Not your father's nonprecious
It's amazing how much things change over the years, from technology and materials to attitudes. The greatest insult you could give a dental technician in the '80s was to say, "These teeth look like white Chiclets." (For those of you under 40, Chiclets are smooth, hard, square, white pieces of chewing gum.) Our goal was to make natural-looking, detailed, esthetic restorations with striations and crack lines shade A3.5 with orange gingival.
By Steven Pigliacelli, CDT, MDT
It's amazing how much things change over the years, from technology and materials to attitudes. The greatest insult you could give a dental technician in the '80s was to say, "These teeth look like white Chiclets." (For those of you under 40, Chiclets are smooth, hard, square, white pieces of chewing gum.) Our goal was to make natural-looking, detailed, esthetic restorations with striations and crack lines shade A3.5 with orange gingival. Today, with the bleached white craze that has swept the nation, we in essence now make square, perfect white teeth. OK, they don't look like Chiclets, but the desire for "natural," stained, detailed teeth is almost gone. The same is true for the acceptance of base or nonprecious alloys.
Nonprecious alloy had the negative reputation of being the metal for knock out commercial labs. It was not easy to work with, and the grinding from it contained nickel, beryllium, rexillium, and other nondesirable elements. But it was cheap. Noble and high noble alloys were the standard for quality restorations but at a much higher price. For example, gold alloy is not only higher in price per dwt, but being a denser alloy requires more alloy per unit than noble or base alloy. So a porcelain-fused-to-gold crown is substantially higher priced than fused to noble or base alloy. These days, gold and palladium are at an extremely high cost due to situations that have nothing to do with dentistry. For example, palladium is heading toward $1,000 an ounce because of its use in catalytic converters.
We have seen the emergence of milled titanium and zirconia as alternatives to traditional alloys. In the case of cast implant bridges such as hybrids or bar overdentures, milled titanium has been a huge success. The frame is milled out of titanium without the need for gold cylinders or alloy, resulting in cost savings and better fitting prosthetics. There are porcelains that can be baked to titanium, but they are technique-sensitive and more difficult to use. In most cases, labs and dentists choose not to use milled titanium for anything but hybrids and removable prosthetics.
Milled zirconia is another option for ceramic restorations, but in the case of implants, many feel that the zirconia interface is not strong enough and cement titanium cylinders into the framework to act as the interface to the implants. Full contour zirconia bridges are just stained and not very esthetic. Many fear that zirconia wears too much on opposing dentition. Also, zirconia does not have the ability to be welded in the event of a frame not seating. Cast alloy and titanium, on the other hand, can be welded.
Another option that exists today is milled cobalt chrome. But isn't cobalt chrome a nonprecious alloy? Doesn't this contradict past feelings about nonprecious? Not exactly. Titanium is a nonprecious alloy, and we have been using it for years. Modern cobalt chrome does not contain the harmful elements such as nickel and beryllium. It is not cast but milled, just like titanium and zirconia. Working with milled cobalt chrome is no different from working with titanium - no grinding and dust splashing in your face and no torch-casting at very high degrees. One great advantage is that it can be sectioned and welded. It can have regular porcelain applied to it without fear of incompatible oxide layers and highly technique-sensitive procedures. It is safe to say that modern cobalt chrome is not your father's nonprecious. It has been a standard in Europe for years and has no real negative effects in the mouth.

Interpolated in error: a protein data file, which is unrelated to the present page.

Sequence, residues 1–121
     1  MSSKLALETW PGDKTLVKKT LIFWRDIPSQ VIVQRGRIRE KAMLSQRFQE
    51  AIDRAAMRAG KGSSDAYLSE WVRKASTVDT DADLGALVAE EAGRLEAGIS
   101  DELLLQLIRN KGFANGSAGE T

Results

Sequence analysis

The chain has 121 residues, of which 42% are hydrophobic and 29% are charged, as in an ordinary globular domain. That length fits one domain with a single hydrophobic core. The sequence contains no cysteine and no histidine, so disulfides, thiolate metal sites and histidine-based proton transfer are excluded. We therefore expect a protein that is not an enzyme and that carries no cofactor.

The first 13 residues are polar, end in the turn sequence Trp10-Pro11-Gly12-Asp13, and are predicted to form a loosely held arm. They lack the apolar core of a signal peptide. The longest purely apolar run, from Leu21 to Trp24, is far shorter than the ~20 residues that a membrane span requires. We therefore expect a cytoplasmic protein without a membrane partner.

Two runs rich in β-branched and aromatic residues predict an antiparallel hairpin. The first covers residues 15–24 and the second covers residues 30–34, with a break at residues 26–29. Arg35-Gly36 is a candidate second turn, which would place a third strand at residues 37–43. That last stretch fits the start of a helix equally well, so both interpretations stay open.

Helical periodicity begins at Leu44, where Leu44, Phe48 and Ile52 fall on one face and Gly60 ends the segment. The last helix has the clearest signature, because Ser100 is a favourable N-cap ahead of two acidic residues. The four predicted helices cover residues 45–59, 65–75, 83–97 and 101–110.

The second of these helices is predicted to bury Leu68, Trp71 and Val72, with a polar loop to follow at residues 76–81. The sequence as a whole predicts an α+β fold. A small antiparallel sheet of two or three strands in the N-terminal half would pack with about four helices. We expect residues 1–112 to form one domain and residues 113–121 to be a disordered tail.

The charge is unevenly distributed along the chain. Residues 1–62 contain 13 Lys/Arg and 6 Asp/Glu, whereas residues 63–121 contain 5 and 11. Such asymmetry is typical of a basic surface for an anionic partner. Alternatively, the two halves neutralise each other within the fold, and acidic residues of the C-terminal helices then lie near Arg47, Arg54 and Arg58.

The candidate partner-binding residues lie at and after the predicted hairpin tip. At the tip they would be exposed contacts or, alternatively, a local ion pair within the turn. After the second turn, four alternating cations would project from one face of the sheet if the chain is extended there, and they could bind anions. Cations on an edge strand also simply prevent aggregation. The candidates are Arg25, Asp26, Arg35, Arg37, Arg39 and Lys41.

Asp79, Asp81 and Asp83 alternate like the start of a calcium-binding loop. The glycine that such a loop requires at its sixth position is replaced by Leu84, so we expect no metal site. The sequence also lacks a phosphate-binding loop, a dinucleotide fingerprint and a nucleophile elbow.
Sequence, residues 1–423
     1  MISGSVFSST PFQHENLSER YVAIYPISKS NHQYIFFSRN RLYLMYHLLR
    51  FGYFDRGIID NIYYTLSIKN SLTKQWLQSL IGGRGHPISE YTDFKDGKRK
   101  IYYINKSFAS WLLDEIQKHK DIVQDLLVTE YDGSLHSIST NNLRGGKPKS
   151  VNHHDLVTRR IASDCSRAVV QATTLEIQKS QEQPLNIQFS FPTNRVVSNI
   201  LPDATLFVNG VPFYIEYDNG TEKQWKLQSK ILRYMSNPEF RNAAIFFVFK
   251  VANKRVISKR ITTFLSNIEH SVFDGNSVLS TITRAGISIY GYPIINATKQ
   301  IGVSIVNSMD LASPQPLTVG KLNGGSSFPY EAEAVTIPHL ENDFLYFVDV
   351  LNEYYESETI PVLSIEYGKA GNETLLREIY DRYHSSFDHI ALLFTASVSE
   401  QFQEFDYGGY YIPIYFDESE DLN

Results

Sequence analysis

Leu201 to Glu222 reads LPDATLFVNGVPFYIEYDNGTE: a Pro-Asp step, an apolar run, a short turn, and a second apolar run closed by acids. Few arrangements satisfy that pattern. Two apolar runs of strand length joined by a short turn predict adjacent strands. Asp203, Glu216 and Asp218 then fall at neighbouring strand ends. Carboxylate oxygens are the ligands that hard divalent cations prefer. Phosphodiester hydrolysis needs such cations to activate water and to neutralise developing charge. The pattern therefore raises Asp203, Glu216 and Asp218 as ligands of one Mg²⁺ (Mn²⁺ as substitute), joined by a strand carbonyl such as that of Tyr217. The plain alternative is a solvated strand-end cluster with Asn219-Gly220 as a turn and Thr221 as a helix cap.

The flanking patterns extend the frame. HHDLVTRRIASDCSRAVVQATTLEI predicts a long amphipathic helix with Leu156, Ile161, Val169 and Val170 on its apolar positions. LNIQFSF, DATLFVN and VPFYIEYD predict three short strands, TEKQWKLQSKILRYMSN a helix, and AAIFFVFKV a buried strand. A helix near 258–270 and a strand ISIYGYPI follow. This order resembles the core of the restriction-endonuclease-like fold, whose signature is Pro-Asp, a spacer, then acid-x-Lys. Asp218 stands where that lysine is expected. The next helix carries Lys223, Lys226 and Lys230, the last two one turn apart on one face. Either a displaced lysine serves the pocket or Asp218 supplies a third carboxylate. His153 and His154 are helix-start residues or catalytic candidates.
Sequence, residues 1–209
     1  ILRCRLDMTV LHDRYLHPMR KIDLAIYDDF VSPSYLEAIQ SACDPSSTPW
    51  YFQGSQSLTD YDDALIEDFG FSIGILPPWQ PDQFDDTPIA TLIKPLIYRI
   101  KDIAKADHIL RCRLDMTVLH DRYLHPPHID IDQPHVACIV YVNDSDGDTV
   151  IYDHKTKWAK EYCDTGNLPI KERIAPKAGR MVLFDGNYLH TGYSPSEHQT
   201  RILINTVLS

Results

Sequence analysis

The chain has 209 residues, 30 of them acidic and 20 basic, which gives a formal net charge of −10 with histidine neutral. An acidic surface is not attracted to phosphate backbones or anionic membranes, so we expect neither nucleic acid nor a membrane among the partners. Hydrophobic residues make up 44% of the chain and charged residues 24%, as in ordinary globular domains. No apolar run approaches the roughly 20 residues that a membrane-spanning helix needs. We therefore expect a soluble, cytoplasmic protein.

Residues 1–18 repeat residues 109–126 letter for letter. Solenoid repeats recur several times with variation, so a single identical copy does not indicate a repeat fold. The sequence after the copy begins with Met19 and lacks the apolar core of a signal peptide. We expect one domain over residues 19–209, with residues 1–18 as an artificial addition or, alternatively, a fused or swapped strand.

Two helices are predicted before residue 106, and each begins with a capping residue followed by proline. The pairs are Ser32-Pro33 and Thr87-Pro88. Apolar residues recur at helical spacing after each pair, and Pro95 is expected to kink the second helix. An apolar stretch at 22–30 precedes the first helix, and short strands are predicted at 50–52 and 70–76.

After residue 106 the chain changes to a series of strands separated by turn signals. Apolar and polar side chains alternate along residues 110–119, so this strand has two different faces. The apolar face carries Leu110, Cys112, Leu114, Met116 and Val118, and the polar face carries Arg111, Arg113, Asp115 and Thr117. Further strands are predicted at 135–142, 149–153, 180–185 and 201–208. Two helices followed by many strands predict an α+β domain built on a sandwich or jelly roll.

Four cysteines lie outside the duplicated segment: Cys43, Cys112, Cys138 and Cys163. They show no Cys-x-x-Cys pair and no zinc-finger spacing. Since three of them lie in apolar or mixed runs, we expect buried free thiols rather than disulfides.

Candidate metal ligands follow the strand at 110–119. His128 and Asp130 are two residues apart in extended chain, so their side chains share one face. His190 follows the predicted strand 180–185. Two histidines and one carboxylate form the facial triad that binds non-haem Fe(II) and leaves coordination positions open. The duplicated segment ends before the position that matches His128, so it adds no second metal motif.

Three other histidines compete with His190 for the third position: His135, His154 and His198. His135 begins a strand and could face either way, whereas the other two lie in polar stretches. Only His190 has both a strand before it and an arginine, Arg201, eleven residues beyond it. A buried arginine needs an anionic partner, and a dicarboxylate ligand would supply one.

More importantly, cobalt chrome ends up being more cost-effective. A single cast-alloy, screw-retained crown cost is based on model, analog, gold cylinder, labor, and alloy. However, a single cobalt chrome, screw-retained crown is based on model, analog, labor, and cost of milled unit. The milled unit is not cheap, but considering a gold cylinder can cost as much as $250, the savings are guaranteed. When looking at a roundhouse on six implants, the overall savings can be more than $1,000 per frame.
At present, only a few milling facilities offer milled cobalt chrome - Panthera Dental, Straumann Cares from Straumann, Atlantis Isus from Atlantis, and CMC Technology Center from Schein. The cost per unit varies between these companies, and labs will charge what they feel is appropriate for the labor. But in the long run, we're looking at a very reliable and cost-effective alternative to cast-alloy ceramic restorations, with a more guaranteed esthetic result.
Steven Pigliacelli, CDT, MDT, has more than 30 years' experience with Marotta Dental Studio as a dental implant specialist. Mr. Pigliacelli is a faculty instructor in postgraduate prosthodontics at New York University, College of Dentistry. He manages Marotta Dental Studio and is the technical liaison between the dentist and lab. He directs the GPR and Prosthetic Resident Rotation at Marotta, an intensive educational program that focuses on the value of the technician/dentist relationship. Mr. Pigliacelli is president of the American Academy of Dental Prosthetic Technicians, and vice president of the Ethical Dental Laboratory Alliance. He has published in dental journals, and he lectures and performs hands--on demonstrations at study clubs and seminars.